On Sept. 16, USGS scientist Anne Wein is presenting the ARkStorm winter storm scenario detailing physical and economic impacts of a catastrophic California storm, similar to an 1861-62 event, to emergency managers attending the California Emergency Service Association training and conference in Monterey, CA. On Sept. 18, Wein is participating in San Mateo County Disaster Preparedness Day in Menlo Park, CA by presenting the same information for the purposes of emergency management training and planning. (Anne Wein, Menlo Park, CA, 650-329-4263)


Science Communication and Policy Development Workshop:

Anne Wein picture USGS scientist Anne Wein has been selected to attend the Heinz Center Science Communication and Policy Development workshop at UC Davis, Sept. 19-24, where scientists will share their expertise in carbon sequestration and ecosystems services with policy makers. (Anne Wein, Menlo Park, CA, 650-329-4263)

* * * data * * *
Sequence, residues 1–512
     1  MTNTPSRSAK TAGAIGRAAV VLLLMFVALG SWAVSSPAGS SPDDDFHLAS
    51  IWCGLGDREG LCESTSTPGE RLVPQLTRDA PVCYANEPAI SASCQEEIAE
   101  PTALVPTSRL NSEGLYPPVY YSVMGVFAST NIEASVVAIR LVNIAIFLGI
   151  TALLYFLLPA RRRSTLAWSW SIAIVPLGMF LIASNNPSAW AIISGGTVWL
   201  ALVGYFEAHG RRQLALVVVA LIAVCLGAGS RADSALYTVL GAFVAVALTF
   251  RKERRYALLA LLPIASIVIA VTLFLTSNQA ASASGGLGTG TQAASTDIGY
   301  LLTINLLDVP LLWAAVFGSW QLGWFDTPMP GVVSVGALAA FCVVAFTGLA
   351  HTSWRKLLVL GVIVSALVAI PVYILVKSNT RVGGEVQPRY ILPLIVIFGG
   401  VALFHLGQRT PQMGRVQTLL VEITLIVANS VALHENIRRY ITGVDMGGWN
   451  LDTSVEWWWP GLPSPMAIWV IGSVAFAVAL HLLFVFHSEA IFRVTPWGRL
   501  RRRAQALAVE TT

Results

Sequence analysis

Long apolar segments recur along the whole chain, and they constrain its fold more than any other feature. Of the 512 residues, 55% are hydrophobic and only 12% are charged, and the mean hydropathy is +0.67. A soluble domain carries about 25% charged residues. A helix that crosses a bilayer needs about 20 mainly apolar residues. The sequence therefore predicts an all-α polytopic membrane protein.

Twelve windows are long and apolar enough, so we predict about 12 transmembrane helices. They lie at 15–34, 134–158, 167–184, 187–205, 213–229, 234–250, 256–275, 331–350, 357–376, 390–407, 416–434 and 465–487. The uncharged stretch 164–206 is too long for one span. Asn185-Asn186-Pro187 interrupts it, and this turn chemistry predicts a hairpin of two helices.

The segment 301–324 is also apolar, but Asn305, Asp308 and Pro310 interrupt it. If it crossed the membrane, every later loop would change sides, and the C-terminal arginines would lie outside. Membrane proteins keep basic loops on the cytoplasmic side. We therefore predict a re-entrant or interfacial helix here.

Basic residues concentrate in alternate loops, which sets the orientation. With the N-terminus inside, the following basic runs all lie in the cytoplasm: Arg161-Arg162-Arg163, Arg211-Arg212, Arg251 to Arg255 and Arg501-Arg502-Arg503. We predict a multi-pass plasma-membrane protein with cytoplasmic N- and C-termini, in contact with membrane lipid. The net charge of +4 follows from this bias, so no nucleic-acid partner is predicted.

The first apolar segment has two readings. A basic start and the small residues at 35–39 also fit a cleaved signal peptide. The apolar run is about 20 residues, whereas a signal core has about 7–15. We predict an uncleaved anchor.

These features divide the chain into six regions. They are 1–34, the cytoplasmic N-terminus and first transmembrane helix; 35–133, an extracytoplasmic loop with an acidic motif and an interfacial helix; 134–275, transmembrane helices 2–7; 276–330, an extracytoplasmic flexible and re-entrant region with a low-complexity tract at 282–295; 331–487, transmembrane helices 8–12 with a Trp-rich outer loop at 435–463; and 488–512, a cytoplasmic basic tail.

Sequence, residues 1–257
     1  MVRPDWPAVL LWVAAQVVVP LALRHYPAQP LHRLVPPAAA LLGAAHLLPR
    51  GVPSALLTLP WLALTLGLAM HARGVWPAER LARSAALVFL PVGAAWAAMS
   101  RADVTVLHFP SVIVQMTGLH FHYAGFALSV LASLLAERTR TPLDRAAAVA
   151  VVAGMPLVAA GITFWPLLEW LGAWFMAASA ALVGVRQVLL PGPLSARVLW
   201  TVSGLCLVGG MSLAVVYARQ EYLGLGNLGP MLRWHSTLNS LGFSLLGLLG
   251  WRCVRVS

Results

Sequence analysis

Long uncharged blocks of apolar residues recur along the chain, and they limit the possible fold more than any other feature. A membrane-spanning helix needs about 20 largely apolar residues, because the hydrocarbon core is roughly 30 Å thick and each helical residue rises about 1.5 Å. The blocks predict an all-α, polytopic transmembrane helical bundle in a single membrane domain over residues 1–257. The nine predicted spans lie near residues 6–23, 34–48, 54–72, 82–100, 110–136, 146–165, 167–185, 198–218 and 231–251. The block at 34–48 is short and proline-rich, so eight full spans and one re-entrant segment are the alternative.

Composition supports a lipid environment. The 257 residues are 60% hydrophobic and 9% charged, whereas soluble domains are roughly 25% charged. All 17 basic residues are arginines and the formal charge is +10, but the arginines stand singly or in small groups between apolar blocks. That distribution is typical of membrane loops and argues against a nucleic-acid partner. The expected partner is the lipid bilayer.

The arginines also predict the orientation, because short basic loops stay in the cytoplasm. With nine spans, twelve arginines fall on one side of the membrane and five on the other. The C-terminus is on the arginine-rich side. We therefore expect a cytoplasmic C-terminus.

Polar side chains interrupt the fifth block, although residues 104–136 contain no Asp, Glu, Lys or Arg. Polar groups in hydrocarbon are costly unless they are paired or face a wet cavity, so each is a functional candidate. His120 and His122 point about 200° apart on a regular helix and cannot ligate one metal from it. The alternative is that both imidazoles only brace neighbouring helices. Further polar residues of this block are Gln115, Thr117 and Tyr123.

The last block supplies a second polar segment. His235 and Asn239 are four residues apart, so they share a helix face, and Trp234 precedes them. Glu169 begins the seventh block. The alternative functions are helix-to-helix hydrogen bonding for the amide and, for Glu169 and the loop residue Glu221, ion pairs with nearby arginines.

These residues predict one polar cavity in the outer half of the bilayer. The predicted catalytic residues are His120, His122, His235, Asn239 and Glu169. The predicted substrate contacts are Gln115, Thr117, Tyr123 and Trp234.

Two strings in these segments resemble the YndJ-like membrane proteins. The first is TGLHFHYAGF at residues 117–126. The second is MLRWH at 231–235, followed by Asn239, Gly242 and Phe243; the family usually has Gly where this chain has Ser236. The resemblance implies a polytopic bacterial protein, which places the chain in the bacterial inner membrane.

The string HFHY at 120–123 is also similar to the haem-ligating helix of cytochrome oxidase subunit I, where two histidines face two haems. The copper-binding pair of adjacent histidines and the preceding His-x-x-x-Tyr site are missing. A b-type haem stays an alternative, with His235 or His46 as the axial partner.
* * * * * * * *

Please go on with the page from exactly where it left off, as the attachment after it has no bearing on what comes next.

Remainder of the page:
Informed Decisionmaking Using Economic Analysis:

Richard Bernknopf picture On Sept. 8, USGS economist Richard Bernknopf is participating in the NASA Earth Sciences Directorate fall seminar series in Washington DC by presenting “Informing decisions with scientific information through benefit/cost analysis and the value of information”. Bernknopf will be describing quantitative, policy relevant approaches to establishing economic and other relevant societal values pertaining to earth and biological sciences, as well as to remote sensing data and information. Applications in both the private and public sectors will be provided in the form of case studies. (Richard Bernknopf, Menlo Park, CA, 650-329-4951)


Hydrology and Ecosystems of a Binational River: